df_1830 = pd.read_csv('https://gist.githubusercontent.com/davanstrien/4bc85d8a4127a2791732280ffaa43293/raw/cd1a3cc53674b64c8f130edbcb34e835afa665fb/1830trial.csv')


For the sake of brevity I won't cover the steps to generate this dataset the instructions for doing so for the 1830s trials can be found here (and can be easily adapted for the 1730s trial).

Unnamed: 0 Unnamed: 0.1 0 file broad narrow text
0 14463.0 t18361128-57a theft-housebreaking t18361128-57a.txt theft housebreaking \n\n\n\n\n57. \n\n\n\n\nJOHN BYE\n the younger and \n\n\n\n\nFREDERICK BYE\n were indicted for\n\n feloniously breaking and entering the dwelling-house of \n\n\n\nJohn Bye, on the \n21st of November, at \nSt. Giles-in-the-Fields, and stealing therein 12 apples, value 9d.; 1 box, value 1d.; 24 pence, and 1 twopenny-piece; the goods and monies of \n\n\n\nMary Byrne.\n\n\n\n\n\n\nMARY BYRNE\n. I sell fruit; I live in Titchbourne-court, Holborn. On the 21st of November I went out at one o'clock, and locked my door?I left 2s. worth of penny-pieces in my drawer, and two dozen large apples?I came...
1 19021.0 t18380917-2214 theft-pocketpicking t18380917-2214.txt theft pocketpicking \n\n\n\n2214. \n\n\n\n\nMARY SMITH\n was indicted\n\n for stealing, on the \n16th of September, 1 purse, value 2d.; 3 half-crowns, and twopence; the goods and monies of \n\n\n\nGeorge Sainsbury, from his person.\n\n\n\n\n\n\nGEORGE SAINSBURY\n. Between twelve and one o'clock, on the 16th of September, I went to sleep in the fields, at Barnsbury-park, Islington, I had three half-crowns, and twopence, in my pocket?I was awoke, and missed my money?I went to the prisoner, and charged her with it?she said she had not got it?I followed her, and saw her drop ray purse down, it had two penny piece...

We load the data using fastai2 TextDataLoaders

def load_lm_data(df):
df.sample(frac=0.5), text_col="text", is_lm=True, bs=128
)
return data_lm

# Classification data
df.sample(frac=0.5),
text_col="text",
valid_pct=0.3,
bs=128,
text_vocab=data_lm.vocab,
)
return data_class

data_lm = load_lm_data(df_1830)


Create the language model learner and classifier learner:

def create_lm():
return language_model_learner(data_lm, AWD_LSTM, pretrained=True).to_fp16()

def create_class_learn():
return text_classifier_learner(
data_class, AWD_LSTM, metrics=[accuracy, F1Score(average="weighted")]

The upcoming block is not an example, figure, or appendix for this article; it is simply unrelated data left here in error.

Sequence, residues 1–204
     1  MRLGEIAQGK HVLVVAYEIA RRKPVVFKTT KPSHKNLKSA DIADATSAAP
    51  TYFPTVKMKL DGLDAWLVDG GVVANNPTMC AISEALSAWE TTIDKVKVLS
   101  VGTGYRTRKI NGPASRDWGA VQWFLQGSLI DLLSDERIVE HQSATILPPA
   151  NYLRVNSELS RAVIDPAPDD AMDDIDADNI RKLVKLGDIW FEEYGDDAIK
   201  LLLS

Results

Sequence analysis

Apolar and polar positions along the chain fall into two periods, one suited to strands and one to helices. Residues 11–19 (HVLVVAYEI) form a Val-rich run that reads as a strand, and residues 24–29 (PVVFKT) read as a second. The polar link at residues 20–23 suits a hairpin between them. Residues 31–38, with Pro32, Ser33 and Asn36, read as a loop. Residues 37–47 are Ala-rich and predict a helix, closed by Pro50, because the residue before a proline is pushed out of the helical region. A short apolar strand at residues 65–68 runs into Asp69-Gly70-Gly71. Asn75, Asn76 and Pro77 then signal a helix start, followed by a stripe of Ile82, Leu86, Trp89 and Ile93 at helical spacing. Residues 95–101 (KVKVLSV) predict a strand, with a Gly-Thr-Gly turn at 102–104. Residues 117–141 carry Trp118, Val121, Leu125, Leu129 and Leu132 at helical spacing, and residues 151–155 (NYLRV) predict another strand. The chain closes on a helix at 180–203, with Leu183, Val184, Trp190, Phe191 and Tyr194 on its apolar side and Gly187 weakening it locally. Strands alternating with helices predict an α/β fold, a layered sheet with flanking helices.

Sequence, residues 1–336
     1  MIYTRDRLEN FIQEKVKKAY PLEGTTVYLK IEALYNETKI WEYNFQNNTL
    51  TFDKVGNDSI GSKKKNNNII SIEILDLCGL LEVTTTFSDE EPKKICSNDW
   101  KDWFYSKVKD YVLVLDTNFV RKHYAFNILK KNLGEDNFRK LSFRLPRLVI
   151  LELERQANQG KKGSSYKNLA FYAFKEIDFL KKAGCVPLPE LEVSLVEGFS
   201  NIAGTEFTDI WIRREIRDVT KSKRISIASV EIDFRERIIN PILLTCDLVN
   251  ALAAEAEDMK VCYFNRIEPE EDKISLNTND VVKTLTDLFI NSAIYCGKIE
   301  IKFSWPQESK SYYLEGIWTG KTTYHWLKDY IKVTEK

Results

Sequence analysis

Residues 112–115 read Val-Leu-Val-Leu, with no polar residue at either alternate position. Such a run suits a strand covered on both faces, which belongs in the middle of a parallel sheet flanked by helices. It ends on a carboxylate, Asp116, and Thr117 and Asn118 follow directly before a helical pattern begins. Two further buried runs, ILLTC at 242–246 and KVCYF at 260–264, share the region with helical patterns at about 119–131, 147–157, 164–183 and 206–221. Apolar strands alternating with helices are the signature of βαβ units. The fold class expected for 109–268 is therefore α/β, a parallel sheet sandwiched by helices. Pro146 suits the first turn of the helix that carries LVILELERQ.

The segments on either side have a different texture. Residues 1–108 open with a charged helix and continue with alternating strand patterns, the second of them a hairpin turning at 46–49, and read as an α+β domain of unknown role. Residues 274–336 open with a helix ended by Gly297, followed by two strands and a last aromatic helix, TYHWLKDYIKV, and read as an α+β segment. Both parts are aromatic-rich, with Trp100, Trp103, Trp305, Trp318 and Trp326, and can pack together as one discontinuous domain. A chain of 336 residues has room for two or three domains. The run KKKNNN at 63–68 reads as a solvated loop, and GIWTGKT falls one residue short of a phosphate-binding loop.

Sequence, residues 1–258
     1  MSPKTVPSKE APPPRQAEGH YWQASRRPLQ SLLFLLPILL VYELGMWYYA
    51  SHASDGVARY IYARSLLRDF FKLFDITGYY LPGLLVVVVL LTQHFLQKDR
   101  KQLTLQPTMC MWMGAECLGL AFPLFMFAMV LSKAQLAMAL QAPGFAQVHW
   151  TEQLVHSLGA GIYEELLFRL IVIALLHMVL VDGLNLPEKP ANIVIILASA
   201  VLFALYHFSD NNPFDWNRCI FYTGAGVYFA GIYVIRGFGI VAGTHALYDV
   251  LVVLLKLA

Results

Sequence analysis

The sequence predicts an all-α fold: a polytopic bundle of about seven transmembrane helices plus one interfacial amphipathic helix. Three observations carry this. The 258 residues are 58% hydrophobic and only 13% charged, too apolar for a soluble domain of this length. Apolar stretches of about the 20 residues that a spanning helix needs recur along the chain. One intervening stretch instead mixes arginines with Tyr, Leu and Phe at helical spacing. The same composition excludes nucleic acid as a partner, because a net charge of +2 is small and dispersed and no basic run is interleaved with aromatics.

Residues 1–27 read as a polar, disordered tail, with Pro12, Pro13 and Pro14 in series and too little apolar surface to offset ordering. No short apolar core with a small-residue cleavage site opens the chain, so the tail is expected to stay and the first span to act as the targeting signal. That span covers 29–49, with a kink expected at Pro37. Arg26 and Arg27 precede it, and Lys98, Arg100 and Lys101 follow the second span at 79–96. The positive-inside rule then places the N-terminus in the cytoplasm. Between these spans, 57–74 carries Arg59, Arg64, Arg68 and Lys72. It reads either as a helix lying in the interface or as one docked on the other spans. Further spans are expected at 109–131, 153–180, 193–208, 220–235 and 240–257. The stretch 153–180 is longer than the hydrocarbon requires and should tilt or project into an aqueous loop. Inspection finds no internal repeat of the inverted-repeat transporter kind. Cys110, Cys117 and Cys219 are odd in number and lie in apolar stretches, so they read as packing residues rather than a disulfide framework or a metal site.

).to_fp16()


## Optuna trial suggest

In the example above trial.suggest_categorical was used to define the potential parameter. Optuna has five kinds of parameters which can be optimized. These all work through the trial.suggest method.

### Categorical

This can be used for models, optimizers, and for True/False flags.

optimizer = trial.suggest_categorical('optimizer', ['MomentumSGD', 'Adam'])


### Integer

n_epochs = trial.suggest_int('num_epochs', 1, 3)


### Uniform

max_zoom = trial.suggest_uniform('max_zoom', 0.0, 1.0)


### Loguniform

learning_rate = trial.suggest_loguniform('learning_rate', 1e-4, 1e-2)


### Discrete-uniform

drop_path_rate = trial.suggest_discrete_uniform('drop_path_rate', 0.0, 1.0)


The string value provides a key for the parameters which is used to access these parameters later, it's therefore important to give them a sensible name.

### Limiting parameters?

Adding additional trial.suggest to your optimization function increases the search space for Optuna to optimize over so you should avoid adding additional parameters if they are not necessary.

The other way in which the search space can be constrained is to limit the range of the search i.e. for learning rate

learning_rate = trial.suggest_loguniform('learning_rate', 1e-4, 1e-2)


is preferable over

learning_rate = trial.suggest_loguniform('learning_rate', 1e-10, 1e-1)


if it's not likely the optimal learning rate will sit outside of this range.

How many parameters you include will also depend on the type of model you are trying to train. In the use case of fine-tuning a language model we will want to limit the options more since language models are generally quite slow to train. If, on the other hand, we were trying to improve an image classification model which only takes minutes to train then searching through a larger parameter space would become more feasible.

## Objective function for fine-tuning a language model

The objective function below has two stages; train a language model, use the encoder from this language model for a classifier.

The parameters we're trying to optimize in this case are:

• learning rate for the frozen language model
• number of epochs to train only the final layers of the language model
• learning rate for the unfrozen language model
• number of epochs for training the whole language model

We use lm_learn.no_bar() as a context manager to reduce the amount of logging.

def objective(trial):
lm_learn = create_lm()
lr_frozen = trial.suggest_loguniform("learning_rate_frozen", 1e-4, 1e-1)
with lm_learn.no_bar():